When music hall stars joined the war effort
MUSIC Hall entertainers were faced with a choice during the First World War, to continue with their careers to support morale on the “home front” or to directly join the war effort.
Famous entertainer Vesta Tilley, appeared at the Palace Theatre, in Duke Street, Barrow, and at the Tivoli Theatre, in Forshaw Street
She presented a gramophone and records for the use of wounded soldiers at the town’s Cambridge Street military hospital - which was in a converted school.
The male impersonator had first appeared in Barrow during 1913 and was a nationally famous male impersonator.
A description in the Barrovian newspaper that year said: “She was in splendid form and gave four of her old favourites in a manner that delighted everyone.”
During the war years she would wear a British military uniform as part of the stage show and sing patriotic songs which would tend to lift the spirits and encourage military recruitment.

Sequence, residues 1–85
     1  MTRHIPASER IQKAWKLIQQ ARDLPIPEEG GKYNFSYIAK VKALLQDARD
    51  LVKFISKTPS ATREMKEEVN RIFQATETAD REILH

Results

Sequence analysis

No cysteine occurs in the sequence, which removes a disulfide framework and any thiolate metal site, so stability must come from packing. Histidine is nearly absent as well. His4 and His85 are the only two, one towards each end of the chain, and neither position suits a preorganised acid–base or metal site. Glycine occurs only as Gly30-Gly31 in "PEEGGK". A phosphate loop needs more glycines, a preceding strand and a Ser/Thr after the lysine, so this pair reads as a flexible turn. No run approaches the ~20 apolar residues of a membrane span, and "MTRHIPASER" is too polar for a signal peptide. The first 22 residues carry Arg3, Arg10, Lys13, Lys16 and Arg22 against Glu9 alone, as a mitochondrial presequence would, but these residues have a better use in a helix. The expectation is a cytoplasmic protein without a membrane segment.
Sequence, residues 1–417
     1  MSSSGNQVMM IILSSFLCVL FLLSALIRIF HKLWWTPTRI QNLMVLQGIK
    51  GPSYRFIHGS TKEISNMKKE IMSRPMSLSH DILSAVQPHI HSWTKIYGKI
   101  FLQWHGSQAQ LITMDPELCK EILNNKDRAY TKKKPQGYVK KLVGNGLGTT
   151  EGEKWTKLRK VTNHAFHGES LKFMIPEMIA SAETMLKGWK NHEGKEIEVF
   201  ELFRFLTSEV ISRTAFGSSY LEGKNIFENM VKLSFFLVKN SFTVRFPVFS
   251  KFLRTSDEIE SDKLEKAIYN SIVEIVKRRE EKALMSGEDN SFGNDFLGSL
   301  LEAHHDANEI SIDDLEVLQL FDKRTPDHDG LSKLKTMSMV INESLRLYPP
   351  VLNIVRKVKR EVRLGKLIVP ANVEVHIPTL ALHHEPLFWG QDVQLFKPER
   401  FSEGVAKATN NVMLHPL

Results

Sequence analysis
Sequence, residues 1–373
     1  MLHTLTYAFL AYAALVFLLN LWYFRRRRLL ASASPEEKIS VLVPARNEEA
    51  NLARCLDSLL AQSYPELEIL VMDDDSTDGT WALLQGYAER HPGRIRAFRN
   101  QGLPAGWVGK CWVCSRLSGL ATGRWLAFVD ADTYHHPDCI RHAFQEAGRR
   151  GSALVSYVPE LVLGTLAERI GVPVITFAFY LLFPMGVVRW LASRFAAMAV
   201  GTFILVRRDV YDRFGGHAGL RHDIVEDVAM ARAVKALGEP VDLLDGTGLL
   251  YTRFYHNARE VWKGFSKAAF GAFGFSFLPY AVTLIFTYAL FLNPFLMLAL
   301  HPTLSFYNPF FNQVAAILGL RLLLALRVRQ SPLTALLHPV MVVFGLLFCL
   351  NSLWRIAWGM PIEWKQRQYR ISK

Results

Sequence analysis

A different approach was taken by actress Zena Dare who gave up her stage career at the age of 29 to for nurse injured soldiers with the French Red Cross.
Dare, who starred in the first London production of My Fair Lady, followed her soldier husband Maurice Brett to France and worked as a volunteer for the American Hospital in Paris.
The mother-of-three was given the Cross of the French Society for the Aid of Wounded Military, as well as the British War and Victory medals. She also received the 1911 Coronation and 1938 Jubilee medals.
Her medals were sold by London auctioneers Dix Noonan Webb in December for £1,300.
She began her stage career in 1899, aged just 12 and died in London in 1975, aged 88.
In 1926, after 15 years away from the stage, she returned to the theatre and played a number of leading roles, staring alongside Noël Coward, Ivor Novello, and John Gielgud.